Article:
The High Cost of Summer
“No more pencils, no more books, no more teachers' dirty looks.” And for many parents, no more child care for eight hours a day. Summertime — every child's dream season — can be every working parent's nightmare.
Think about it: From late August or early September through mid-June, working parents have the luxury of public education to make sure their children are cared for, watched over, intellectually stimulated and exercised. Yes, it's education. Yes, your taxes pay for it. But it's also child care (and up to two meals a day).
As any working parent who played the house of cards known as child care when the kids were too young for school knows, it takes tremendous time, effort and lots of money to make sure your child is cared for — well cared for — while you are at work. And it eats a significant chunk of your pay.
In the summertime, that eight hours that school used to cover is like the Sahara Desert — how to get across it with everyone intact? Camps and day-long programs can really add up, good babysitters are hard to come by, and many daycare centers are full already from their year-round clients and won't take on any seasonal additions.
We were lucky when our kids were small: I worked only 20 hours a week, and we had a wonderful older lady who took care of the kids on those days. When I went full time when the kids were in kindergarten and pre-K, I was able to add an affordable community center after care program one day and a friend offered to take them one day. In the summer, my babysitter went full time.
$958/child for the summer
A recent piece in The New York Times titled The Families That Can't Afford Summer brought home the challenge that low-income working families face in the summer, especially those in the city. The woman in the opening of the article has a 6-year-old who might have to be home alone a few days a week because she can't afford camp or care, and they live in the city.
Says the article:
“The assumption that underlies summer vacation — that there is one parent waiting at home for the kids — is true for just over a quarter of American families. … In 2014, parents reported planning to spend an average of $958 per child on summer expenses. Those who can't afford camps or summer learning programs cobble together care from family members or friends, or are forced to leave children home alone. Self-care for 6- to 12-year-olds increases during the summer months, with 11 percent of children spending an average of 10 hours a week on their own.”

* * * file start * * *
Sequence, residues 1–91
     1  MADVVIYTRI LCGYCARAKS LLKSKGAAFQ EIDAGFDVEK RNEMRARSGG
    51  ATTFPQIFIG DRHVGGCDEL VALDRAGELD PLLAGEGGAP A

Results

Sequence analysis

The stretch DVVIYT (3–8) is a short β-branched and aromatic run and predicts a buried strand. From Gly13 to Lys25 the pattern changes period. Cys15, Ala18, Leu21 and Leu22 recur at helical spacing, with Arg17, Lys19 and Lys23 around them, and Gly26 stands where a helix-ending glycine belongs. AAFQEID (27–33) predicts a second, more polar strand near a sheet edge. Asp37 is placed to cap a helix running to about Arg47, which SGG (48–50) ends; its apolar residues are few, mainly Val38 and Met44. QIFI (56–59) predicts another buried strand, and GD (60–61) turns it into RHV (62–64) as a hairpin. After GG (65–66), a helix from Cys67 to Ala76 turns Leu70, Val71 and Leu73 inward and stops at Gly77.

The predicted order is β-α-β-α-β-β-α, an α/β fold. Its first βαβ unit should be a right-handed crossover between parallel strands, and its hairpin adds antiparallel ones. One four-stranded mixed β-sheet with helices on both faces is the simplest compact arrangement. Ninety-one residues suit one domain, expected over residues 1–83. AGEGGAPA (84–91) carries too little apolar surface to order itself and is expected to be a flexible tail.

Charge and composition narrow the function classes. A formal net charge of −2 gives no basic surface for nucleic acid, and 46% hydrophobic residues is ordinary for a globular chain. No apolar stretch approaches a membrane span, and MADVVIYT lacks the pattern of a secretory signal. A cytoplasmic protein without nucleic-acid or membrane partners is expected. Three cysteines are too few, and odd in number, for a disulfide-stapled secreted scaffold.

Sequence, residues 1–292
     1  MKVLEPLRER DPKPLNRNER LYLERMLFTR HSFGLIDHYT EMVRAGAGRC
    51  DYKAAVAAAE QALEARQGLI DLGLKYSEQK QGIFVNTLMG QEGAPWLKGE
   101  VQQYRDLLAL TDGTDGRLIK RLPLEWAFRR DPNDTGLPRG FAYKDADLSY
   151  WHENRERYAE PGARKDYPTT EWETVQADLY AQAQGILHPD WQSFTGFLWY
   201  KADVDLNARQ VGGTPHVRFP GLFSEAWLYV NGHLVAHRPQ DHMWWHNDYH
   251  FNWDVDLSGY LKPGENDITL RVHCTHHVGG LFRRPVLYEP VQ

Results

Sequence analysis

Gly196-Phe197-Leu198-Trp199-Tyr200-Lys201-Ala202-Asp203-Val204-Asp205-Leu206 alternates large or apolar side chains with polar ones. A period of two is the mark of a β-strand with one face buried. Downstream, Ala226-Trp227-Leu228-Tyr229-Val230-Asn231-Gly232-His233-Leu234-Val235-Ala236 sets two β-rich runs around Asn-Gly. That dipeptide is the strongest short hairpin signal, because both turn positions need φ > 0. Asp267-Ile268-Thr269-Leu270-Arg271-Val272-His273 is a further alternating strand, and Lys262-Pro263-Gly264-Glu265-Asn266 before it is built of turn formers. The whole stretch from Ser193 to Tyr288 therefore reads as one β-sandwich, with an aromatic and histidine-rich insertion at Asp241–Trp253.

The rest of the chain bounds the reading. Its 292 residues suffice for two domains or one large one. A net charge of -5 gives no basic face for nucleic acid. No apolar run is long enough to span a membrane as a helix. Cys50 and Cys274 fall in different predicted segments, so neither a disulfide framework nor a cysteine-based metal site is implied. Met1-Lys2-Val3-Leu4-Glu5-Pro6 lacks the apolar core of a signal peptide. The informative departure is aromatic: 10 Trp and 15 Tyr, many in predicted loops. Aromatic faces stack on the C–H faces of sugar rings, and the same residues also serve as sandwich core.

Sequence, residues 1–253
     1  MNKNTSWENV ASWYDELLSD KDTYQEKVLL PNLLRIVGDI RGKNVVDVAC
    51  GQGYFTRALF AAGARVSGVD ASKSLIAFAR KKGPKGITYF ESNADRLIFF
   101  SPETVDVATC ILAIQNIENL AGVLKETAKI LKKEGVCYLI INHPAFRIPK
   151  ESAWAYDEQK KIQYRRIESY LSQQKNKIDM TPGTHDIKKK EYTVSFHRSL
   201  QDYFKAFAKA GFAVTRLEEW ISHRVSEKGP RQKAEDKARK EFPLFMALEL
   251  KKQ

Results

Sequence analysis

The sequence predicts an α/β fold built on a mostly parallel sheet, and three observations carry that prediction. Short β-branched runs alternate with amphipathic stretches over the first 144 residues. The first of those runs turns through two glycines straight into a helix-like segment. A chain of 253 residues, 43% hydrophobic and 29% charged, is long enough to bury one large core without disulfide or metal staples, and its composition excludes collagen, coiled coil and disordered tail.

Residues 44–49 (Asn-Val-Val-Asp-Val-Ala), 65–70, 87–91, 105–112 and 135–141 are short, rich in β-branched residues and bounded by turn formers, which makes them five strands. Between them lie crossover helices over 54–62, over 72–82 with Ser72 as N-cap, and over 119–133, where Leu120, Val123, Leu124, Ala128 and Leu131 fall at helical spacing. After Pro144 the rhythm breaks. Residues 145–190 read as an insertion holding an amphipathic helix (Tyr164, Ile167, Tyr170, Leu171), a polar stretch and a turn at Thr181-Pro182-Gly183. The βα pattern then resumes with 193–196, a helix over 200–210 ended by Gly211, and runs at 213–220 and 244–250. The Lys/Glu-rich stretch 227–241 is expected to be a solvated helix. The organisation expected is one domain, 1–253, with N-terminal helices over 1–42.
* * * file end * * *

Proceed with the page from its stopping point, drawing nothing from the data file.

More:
In my town, the summer program put on by our Recreation Department provides care from 8 a.m. to 4 pm. Monday-Friday for $575 for a resident, which is a bargain compared to that national average. That does not include the cost of fields trips (one per week), and the program ends Aug. 12. The kids return to school Aug. 31. That's 11 wide open weekdays at the end of the summer. Plus what about parents whose schedules include weekend shifts? Care for those days is non-existent.
Local camps cost even more. An area nature camp averages $335/week for a non-member, plus $90/week if you need before- and after-camp care. Sessions run through August 26. That's $425 a week for care from 8 a.m. to 5:30 p.m. If your kid did 11 weeks of nature camp, that's almost $5,000. An area community center offers camp through Aug. 26 at a cost of $260/week if you need coverage from 7 a.m. to 6 p.m. That's almost $3,000 for the summer.
Tax credits, scholarships
The US Department of Health and Human Services defines “affordable child care” as taking up no more than 10 percent of a family's income, but typically, only upper income families fit into that category. Lower income families would be looking at 20-30 percent of their income with some of the camps in my area.
According to The New York Times piece:
“Support offered to individual parents, from child care subsidies to the Child and Dependent Care Tax Credit, can be applied toward appropriate summer programs, but it also falls far short. According to the Center for American Progress, in 2011, 22 states had waiting lists for child care assistance, and just one in seven children who qualify for a direct child care subsidy in their state or community actually receives it. These programs are grants, not entitlements, and when the applications exceed the available funds, many are denied.”
This means it is critical to get all those receipts when you register and keep track of them so that come tax time, you don't have to play catch up and rely on the program to get you the information in time. When investigating summer programs, make sure they fit the criteria for tax credits. And look for programs that offer scholarships — lots of camps do. Additionally, look for those that receive federal or state grants or subsidies, they may give preference during registration for low-income working families.
How about you? How do you pay for your kids' summer time activities?